4): We take a = ay in (2.yuk (ay)(u&(u. y > r. For (2.3).2. when Rt_ = r.f. Let H(dt.4). eyuk (ay) = e7yu e > eyu"(ay ) ij(u. we have tc(ay) > 0 and we can bound (2. (2.. it follows easily from (2. FURTHER APPLICATIONS OF MARTINGALES 305 (we cannot use the stopping time r(u) directly because P(r(u) = oo) > 0 and also because the conditions of the optional stopping time theorem present a problem). (B(y) . Hence E [e7Rr (u) Jr(u) < ool ^00 H( dt. so that i/1(uL yu) < eayu . Equivalently.1.T)  V. u Proof of (2. dr) e 7( yr)B(dy) B(r) f oo o 0 r > H(dt.(u. Rt has distribution B(r + dy)/B(r). dr JO Zoo ) f e7'B(r + dy) B(r) Jo ^00 ^00 H(dt.yu))• b(u.1.(ay)I T(u) < yu] P(r(u) < yu) (using RT(u) < 0).3). yu))• Letting T + oo yield e_ayu > eyur4ay)(0(u)  Notes and references See II. and the proof of the lower inequality is similar. we have ic(ay ) < 0 and use the lower bound E [e7Rr („).1 . dr) 1 = 1 I0 /o C+ C+ From this the upper inequality follows.yu) Y Similarly for (2.E [e. dr) denote the conditional distribution of (T(u).2): As noted in Proposition II. A claim leading to ruin at time t has c.6) below by 1 E Le7Rr(.T(u)K(ay) I yu < r(u) < T] F(yu < r(u) < T) > e.6) with = 'y that eyu . .d.7R.( u ) I T(U) < 00] .)r(u)r.6). Proof of ( 2. RT(u)_) given r(u) < oo.B(r))/B(r).
large deviations results have usually a weaker form. For example.1) amounts to the weaker statement lim 1 log P I Sn > x I = 17. (3. + X. logarithmic asymptotics . gn 4 0. Thus.gn if nioo lim 109 fn = 1 log gn (later in this section.1) is an example of sharp asymptotics : . such that the cumulant generating function r. however . However .g. if x > EX1.1 We will go into some more detail concerning (3. logarithmic asymptotics is usually much easier to derive than sharp asymptotics but also less informative . 1) but only the dominant exponential term . The advantage of the large deviations approach is. large deviations results been.3na with a < 1.1) does not capture the \ in (3. cle .(B) = log EeOX 1 is defined for sufficiently many 0.1).means (as at other places in the book) that the ratio is one in the limit (here n * oo). . The classical result in the area is Cramer's theorem.. og For sequences fn.the correct sharp asymptotics might as well have +. we will write fn 1./n E I) for intervals I C R. then P C S. (3. gn with fn + 0 . not quite so much in insurance risk.. and gave sharp asymptotics for probabilities of the form P (S. v2 later..^ e nn 1 > x n 0o 2xn (3. Example 3. Cramer considered a random walk Sn = X1 + . Thus . the parameter will be u rather than n). . ri. in being capable of treating many models beyond simple random walks which are not easily treated by other models . e.1) where we return to the values of 0.2). Accordingly. MISCELLANEOUS TOPICS 3 Large deviations The area of large deviations is a set of asymptotic results on rare event probabilities and a set of methods to derive such results.nn or C2e. and that a considerable body of theory has been developed.. The last decades have seen a boom in the area and a considerable body of applications in queueing theory. which in the setting of (3.306 CHAPTER XI. its generality. nroo n n /// Note in particular that (3.2) can be rewritten as F (Sn/n > x) 1g a'fin.?n typically only give the dominant term in an asymptotic expression . The limit result (3.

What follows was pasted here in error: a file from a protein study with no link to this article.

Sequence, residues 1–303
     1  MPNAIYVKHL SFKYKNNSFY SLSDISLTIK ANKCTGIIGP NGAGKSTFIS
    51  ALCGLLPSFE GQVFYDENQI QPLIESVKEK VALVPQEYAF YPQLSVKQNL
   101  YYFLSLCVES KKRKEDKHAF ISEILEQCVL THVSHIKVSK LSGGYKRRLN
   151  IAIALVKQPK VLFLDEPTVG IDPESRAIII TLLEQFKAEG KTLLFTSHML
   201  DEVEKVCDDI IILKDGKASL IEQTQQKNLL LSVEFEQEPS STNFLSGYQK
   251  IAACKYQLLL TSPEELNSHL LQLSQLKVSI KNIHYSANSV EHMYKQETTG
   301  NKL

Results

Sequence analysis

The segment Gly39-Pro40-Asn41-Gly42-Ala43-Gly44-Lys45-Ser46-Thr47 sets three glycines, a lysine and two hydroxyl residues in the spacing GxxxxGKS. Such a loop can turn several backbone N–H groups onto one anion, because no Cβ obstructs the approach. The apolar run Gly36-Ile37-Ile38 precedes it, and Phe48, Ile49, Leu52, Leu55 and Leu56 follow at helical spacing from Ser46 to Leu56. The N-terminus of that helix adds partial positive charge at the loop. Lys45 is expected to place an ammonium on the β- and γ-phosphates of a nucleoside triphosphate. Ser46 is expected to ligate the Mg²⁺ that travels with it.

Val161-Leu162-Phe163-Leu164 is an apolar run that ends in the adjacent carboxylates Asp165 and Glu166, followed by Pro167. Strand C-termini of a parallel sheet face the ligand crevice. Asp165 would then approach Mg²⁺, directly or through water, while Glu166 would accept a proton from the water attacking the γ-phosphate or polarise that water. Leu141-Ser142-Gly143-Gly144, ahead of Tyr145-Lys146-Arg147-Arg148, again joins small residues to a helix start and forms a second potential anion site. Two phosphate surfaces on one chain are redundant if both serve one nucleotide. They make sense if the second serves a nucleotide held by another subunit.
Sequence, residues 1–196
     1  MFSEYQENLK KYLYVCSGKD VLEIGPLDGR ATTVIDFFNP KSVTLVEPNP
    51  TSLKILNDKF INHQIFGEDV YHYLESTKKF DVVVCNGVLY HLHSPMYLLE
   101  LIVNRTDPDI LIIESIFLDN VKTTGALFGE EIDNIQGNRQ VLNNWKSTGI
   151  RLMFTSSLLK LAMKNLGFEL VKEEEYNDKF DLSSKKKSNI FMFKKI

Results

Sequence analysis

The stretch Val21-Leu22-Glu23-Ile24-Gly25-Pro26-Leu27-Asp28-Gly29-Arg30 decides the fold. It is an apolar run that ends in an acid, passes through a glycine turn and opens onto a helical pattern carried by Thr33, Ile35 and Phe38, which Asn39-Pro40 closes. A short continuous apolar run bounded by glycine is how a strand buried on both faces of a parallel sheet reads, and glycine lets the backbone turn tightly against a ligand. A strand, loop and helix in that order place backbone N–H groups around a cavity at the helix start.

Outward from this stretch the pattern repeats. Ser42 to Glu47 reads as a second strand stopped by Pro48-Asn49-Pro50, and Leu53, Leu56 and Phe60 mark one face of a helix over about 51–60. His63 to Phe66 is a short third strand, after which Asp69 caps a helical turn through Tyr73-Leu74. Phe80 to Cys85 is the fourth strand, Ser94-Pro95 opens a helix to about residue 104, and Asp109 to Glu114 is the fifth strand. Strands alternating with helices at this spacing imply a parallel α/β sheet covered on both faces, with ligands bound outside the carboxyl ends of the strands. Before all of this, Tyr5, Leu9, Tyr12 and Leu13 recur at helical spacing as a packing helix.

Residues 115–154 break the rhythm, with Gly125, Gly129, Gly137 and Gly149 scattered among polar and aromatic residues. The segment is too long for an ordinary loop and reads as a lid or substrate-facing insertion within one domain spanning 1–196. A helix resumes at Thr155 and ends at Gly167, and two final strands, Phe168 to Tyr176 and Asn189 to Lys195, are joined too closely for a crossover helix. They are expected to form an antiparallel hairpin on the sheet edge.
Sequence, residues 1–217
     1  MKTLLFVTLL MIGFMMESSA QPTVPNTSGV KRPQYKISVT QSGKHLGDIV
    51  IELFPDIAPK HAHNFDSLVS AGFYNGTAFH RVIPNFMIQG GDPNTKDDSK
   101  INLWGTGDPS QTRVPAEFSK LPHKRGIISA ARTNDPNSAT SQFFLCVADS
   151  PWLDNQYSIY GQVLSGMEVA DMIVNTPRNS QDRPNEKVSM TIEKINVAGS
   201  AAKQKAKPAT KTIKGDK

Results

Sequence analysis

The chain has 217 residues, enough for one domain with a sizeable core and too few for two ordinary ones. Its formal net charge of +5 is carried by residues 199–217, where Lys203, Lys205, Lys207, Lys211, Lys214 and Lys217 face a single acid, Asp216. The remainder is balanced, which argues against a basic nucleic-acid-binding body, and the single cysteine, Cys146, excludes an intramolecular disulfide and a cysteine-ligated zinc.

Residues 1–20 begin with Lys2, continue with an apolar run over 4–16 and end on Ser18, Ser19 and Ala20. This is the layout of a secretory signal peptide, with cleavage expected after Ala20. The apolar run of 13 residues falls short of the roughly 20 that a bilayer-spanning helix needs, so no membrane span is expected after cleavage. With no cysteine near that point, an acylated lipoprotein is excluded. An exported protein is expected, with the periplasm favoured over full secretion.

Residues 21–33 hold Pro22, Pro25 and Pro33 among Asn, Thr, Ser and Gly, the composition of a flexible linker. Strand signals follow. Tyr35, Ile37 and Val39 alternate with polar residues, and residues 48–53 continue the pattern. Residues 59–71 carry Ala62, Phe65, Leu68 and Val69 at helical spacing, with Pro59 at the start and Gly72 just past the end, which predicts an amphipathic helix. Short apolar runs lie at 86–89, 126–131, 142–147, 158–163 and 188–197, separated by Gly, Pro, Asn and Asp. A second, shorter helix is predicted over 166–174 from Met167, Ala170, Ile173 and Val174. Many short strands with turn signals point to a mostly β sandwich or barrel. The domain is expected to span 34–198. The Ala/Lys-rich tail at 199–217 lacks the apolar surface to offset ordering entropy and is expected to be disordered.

3.960/) * 0. rc*(x) = sup(Ox . if we replace Sn by nx + o / V where V is N(0. V > 0 e. 2 where o2 = o2(x) = rc"(0). LARGE DEVIATIONS Define rc* as the convex conjugate of rc.r.2).tin f o') o e9o^y 1 1 ey2/2 dy 21r = etin 1 Bo 27rn .4) n Next. since Sn is asymptotically normal w. More precisely.(0)) e 307 (other names are the entropy.q = rc* (x). Most often.425.4 enn +1.t.e.r. i.(e)i XI E dx]. Define . the sup in the definition of rc* can be evaluated by differentiation: rc*(x) = Ox .the mean rc'(0) of the distribution of X1 exponentially tilted with 0. the LegendreFenchel transform or just the Legendre transform or the large deviations rate function). nx < Sn < nx + 1. S rtn > x 1. we get P(Sn/n > x) E [e9nx +nK(9)9" '. of P(X1 E dx) = E[e9X1K.4) immediately yields (3. In fact. (3.96o /] > 0. and hence for large n P(Sn/n > x) > E [e.1). Since P nn > x) = E {e_8 ' ( 9). exponential change of measure is a key tool in large deviations methods.9S„+n' ( 9).sseo f which in conjunction with (3. P with mean nx and variance no.3) is put equal to x. we have P(nx < Sn < nx + 1. replacing Sn in the exponent and ignoring the indicator yields the Chernoff bound P Sn > x 1 < e°n (3.rc(0) where 0 = 0(x) is the solution of x = rc'(0). which is a saddlepoint equation .